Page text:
Could it be that the planners of this proposed development have had their prejuidices exposed? "The westside is pretty far down the property tax scale and the clients of the gospel mission are pretty far down the socio-economic scale so they should go together just fine."

Or how about this concept: leave the mission where it is and bag the concept of a "Wesley Way connector". What's wrong with W. 8th Street anyway? No stop lights between W. 7th and Hamiliton, nice and wide, and tree lined already. A top coat of asphalt and that street is good to go for years. Oh, thats right, the city wants to redevelop that "corridor" into big box stores and strip malls a la Singing Hills Blvd. A build it and they will come kind of deal. Might be a good idea, and what the hell, the Feds are going to pay for a big chunk of it all so lets go ahead and tear down a bunch of occupied structures to build a parkway. Maybe they can get the same guy who built the guard wall on the completed section of the parkway to finish off the new end. Whoever it was did such a beautiful job there.

April 04, 2006

Bummer For Us All

Gateway falls from Fortune 500 list. Maybe they should never have left...??

Oh well, we've always got IBP, I mean Tyson, oh thats right, they're in Springdale.

But you know, even with the Fortune 500 exodus, this town is still kind of rockin'.
Unemployment is relativly low, city's credit rating solid, major public improvements have been made including most recently the kick ass climbing wall.

And in terms of retail, have you been by Lakeport Commons. Parking lot gridlock. And while you are waiting, take a look at where all the cars are from, almost hard to spot a Woodbury County plate.

Yet it still kind of sucks about Gateway.

April 03, 2006

Is this heaven?

As others have noted, so often that it is scary, Sioux Cityans are about to have their fondest wish granted; an Olive Garden is about to open. Our culinary dream come true.

Apparently however, folks in the big town (NYC) seem to feel that our dining experience isn't degraded by a dearth of places to go but by a lack of service. http://travel2.nytimes.com/2006/03/29/dining/29feed.html

The money quote:

"All New Yorkers hold restaurant grudges. When something goes really wrong, you say, "Hold it! Do I live in Sioux City or New York City? There are too many other places that seat me on time or actually serve the entree within an hour of the appetizer or where the noise isn't deafening. Forget this place.""

This seems to me to be the perfect example of what is wrong with journalism. A journalist , in an attempt to use a pithy literary device, uses Sioux City as an example of the polar oposite of New York City (I guess it's that they are both citys) to make her point about bad service.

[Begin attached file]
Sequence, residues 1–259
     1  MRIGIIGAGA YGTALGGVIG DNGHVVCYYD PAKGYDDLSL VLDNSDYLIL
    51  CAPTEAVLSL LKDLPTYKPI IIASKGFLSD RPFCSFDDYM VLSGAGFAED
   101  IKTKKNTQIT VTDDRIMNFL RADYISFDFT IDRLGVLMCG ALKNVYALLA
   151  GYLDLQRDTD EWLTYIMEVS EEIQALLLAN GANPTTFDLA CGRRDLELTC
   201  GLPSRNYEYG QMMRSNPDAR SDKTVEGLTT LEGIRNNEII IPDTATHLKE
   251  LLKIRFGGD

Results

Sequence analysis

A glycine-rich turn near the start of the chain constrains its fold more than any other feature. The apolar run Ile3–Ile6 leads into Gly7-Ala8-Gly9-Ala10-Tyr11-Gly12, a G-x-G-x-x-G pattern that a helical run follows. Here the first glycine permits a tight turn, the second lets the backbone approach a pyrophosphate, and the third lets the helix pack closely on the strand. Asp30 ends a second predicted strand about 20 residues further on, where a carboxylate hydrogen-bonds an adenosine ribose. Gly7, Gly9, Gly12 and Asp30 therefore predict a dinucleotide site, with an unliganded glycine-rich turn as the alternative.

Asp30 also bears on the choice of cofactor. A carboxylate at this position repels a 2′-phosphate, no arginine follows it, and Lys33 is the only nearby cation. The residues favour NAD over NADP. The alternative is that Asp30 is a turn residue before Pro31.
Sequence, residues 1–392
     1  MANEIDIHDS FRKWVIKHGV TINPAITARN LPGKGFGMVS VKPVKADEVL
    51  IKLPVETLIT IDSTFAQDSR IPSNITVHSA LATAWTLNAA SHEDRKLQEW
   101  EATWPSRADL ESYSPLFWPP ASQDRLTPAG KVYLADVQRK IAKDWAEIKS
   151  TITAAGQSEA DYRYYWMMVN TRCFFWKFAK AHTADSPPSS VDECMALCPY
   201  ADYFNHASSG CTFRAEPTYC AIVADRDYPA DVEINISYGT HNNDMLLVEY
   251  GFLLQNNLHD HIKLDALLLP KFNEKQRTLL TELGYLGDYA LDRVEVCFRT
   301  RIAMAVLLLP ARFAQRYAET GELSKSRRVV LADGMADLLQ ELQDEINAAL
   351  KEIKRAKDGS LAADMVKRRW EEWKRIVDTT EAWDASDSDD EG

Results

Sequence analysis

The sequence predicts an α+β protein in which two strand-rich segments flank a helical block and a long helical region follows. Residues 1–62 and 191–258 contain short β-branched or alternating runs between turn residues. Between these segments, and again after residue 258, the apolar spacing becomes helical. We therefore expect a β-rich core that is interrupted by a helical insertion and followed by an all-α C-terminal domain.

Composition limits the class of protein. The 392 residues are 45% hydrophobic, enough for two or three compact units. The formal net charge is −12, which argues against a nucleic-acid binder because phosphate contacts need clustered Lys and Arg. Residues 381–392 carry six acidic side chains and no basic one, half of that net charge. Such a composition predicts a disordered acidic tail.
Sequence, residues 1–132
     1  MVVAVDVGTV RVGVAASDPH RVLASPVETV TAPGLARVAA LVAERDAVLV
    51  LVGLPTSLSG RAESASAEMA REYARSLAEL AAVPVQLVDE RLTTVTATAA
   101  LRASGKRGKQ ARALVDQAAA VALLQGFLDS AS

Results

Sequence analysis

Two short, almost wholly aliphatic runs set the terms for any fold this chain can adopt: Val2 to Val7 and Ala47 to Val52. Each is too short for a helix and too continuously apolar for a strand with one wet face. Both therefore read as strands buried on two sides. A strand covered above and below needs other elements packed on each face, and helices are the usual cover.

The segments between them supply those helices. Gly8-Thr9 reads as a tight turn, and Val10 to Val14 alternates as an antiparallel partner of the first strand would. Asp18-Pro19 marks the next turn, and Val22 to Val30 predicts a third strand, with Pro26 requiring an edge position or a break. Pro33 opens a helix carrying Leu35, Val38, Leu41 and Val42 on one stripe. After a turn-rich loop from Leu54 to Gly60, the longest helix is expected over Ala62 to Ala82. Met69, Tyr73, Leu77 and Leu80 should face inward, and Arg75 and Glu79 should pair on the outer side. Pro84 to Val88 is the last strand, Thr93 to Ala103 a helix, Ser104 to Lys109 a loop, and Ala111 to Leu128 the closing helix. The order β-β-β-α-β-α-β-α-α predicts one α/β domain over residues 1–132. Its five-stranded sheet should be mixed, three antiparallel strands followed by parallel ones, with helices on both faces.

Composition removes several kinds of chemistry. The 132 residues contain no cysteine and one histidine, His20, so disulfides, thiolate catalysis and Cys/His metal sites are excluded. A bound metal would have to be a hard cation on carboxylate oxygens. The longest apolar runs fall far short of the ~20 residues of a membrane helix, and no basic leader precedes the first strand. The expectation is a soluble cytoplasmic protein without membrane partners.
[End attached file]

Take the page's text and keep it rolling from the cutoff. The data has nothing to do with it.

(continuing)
Now if she was commenting on the cuisine: the quality of the food, the range of choice in styles, the overall spectrum of what makes a town a great place for eating out, she would have had a valid counter-point. However, by limiting it to a comparison of service, she is showing her uninformed prejuidice.

Gernerally speaking Sioux City's diners do get decent service. It may not be as polished as Le Bernadin or Masa, but skill in taking an order and delivering plates to the table is not always about being able to say mango foam without giggling.

This isn't to say that you can't get terrible service in Sioux City, you truly, astoundingly can. I've waited an hour for a California Roll in an empty sushi joint here.

But to imply that service is bad just 'cause this is the sticks demonstrates a massive arrogance. Bash on us for what IS substandard (and there is plenty). However, you might want to check your assumptions before you presume to comment in a journal that aspires to be the nations "paper of record". It kind of leads to an assumption of that ya'll are guilty of arrogant elitism by us cow town hicks out here in the heartland.

School Daze

Is it just me, or does it seems like the Sioux City Community School District can't go a whole week without having a day off or an early out?

And now they want to make it official; every Monday school will be dismissed an hour early for "teacher in-service". I realize that there is a pretty complex issue here, invovling teacher pay, continuing education, etc, etc, etc, but there is also the issue that you can't teach a kid who isn't in the classroom.